Dr. Jeffrey Hunter is East Texas’ only fellowship-trained Pediatric specialist. Dr. Hunter provides unmatched eye care for children in the East Texas area. His compassion and dedication to children and their specific vision needs are well-known throughout Texas.
“Nothing is more important than making sure our children have the best possible vision. It is our job to make sure that the correct diagnosis is made, and that we give the highest quality care. The work we do can make the difference between good vision and lifelong vision loss.”
Dr. Jeffrey S. Hunter, M.D.
Accidental injuries cause vision loss in far too many cases and more than half of the victims of eye injuries are children. The answer? Prevention, but when there has been an accidental injury, the right kind of first aid or emergency care is the essential first step. Hospital emergency rooms or trauma centers are usually able to provide emergency medical care for eye injuries, but referral to an ophthalmologist should be made to rule out any other complications. Remember that the seriousness of the eye injury may not be immediately obvious.
Many common household items can cause eye damage when they are used improperly. Therefore, you must take care to:
- Make sure children are properly supervised when playing. Teach children the correct way to handle items like pencils, scissors and knives. Even such common items as paper clips, hangers, rubber bands and fish hooks can cause eye damage in children when improperly used.
- Pay attention to age and the responsibility level of a child when selecting toys and games. Avoid projectile toys such as darts, pellet guns, etc.
- Keep chemicals and sprays out of reach of all children.
- Make sure your child stays well away from lawnmowers and other lawn equipment. Rocks and stones can become dangerous projectiles.
- Never allow children to ignite fireworks, and make sure your children stand well away from anyone who is lighting them.
Sports-related eye injuries are increasing each year. Remember to require that your children wear protective safety glasses and specially-designed safety helmets.
Wear a helmet with a polycarbonate eye shield for:
Wear sports goggles with polycarbonate lenses and side shields for:
- Physical Defects
Eyeglasses for Children
Children wear eyeglasses for the same reason that adults do – to improve vision. But they may also wear glasses to prevent and treat amblyopia, or “lazy eye,” and other eye muscle problems.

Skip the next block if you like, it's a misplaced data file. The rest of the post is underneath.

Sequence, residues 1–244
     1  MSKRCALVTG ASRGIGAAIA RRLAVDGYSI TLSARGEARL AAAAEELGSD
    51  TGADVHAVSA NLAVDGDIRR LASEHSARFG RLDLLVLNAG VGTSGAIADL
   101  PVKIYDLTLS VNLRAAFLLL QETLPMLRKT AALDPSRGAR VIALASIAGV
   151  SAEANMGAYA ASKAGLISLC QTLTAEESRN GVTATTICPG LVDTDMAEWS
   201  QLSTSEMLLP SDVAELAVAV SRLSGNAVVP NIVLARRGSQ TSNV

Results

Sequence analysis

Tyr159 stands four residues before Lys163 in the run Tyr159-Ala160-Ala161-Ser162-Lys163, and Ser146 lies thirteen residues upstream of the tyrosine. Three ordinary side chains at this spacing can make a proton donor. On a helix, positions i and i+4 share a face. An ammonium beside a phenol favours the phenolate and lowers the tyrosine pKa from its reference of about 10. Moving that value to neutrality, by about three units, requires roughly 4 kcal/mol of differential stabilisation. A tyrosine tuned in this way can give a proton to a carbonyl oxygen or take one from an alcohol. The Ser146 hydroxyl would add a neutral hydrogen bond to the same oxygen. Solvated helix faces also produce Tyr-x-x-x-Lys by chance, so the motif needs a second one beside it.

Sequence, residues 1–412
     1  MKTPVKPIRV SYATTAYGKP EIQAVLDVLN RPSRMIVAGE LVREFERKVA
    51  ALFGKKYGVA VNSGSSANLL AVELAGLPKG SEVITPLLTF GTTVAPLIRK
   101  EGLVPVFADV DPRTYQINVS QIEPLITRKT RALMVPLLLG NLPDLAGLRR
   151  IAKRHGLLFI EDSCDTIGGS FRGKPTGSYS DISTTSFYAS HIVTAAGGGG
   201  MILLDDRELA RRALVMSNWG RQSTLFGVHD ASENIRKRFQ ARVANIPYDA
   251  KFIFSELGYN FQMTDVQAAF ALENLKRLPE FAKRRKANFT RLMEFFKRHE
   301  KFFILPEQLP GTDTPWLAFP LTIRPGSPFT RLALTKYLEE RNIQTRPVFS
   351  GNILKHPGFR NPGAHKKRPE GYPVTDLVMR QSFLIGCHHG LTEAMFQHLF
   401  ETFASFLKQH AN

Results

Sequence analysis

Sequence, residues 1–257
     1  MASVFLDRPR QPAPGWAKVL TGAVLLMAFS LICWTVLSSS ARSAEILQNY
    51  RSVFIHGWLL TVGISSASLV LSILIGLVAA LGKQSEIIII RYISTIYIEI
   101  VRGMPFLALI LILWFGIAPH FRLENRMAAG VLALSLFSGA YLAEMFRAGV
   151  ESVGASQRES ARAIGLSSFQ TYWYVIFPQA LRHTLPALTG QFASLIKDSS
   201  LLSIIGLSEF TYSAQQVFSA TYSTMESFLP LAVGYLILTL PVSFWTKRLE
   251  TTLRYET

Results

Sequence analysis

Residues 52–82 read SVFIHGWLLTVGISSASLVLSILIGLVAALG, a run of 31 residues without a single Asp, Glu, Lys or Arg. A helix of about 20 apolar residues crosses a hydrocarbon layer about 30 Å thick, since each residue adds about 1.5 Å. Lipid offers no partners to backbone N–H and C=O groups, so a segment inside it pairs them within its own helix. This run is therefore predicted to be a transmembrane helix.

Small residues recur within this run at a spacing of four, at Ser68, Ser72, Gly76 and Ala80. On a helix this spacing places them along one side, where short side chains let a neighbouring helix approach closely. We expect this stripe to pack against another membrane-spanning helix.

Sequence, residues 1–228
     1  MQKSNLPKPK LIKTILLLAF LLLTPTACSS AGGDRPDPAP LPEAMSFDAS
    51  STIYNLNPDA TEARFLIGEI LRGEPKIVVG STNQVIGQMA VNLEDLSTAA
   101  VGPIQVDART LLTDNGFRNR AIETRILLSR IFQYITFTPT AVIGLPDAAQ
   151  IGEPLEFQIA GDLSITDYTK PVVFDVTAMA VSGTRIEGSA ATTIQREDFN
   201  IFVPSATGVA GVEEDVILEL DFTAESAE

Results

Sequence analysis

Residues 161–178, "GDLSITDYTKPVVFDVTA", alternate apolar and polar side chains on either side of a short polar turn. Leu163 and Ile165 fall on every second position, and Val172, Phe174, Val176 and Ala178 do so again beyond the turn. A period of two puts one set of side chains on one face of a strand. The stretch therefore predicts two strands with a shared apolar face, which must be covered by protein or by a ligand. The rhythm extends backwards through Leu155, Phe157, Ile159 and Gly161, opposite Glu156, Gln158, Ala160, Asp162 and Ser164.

The most common vision problems treated with eyeglasses are:
Myopia, or nearsightedness, is inherited and often discovered in children when they are eight to twelve years old. A myopic eye is longer than normal, and causes light rays to focus in front of the retina. This causes close objects to look clear, but distant objects to appear blurred.
Hyperopia, or farsightedness, is caused by light entering the eye and focusing behind the retina. A hyperopic eye is shorter than normal. Older people who are farsighted can see far away objects better than those close at hand. Most children are normally a little farsighted but have no problems seeing objects up close or at a distance. Hyperopia needs to be corrected in young people if it causes decreased vision or is associated with crossed eyes.
Astigmatism occurs when light rays enter the eyes and focus at different places on the retina. In a normal eye, the cornea (front surface of the eye) is round, like a basketball. If you have astigmatism, the cornea is shaped more like a football.
Can babies wear eyeglasses?
Of course! Babies’ eyes can be tested even before they can give a verbal response. The ophthalmologist will dialate the baby’s eyes and look inside with special instruments that determine the proper eyeglass prescription.
Which glasses are best for children?
We recommend plastic lenses and plastic frames – especially those frames designed with active children in mind. Children may also need additional pads or straps to keep the glasses properly positioned.
One other recommendation – children who have good vision in only one eye should wear safety glasses for protection at all times, even if they do not need glasses otherwise. Eye care for children generally addresses two categories: injuries or physical defects.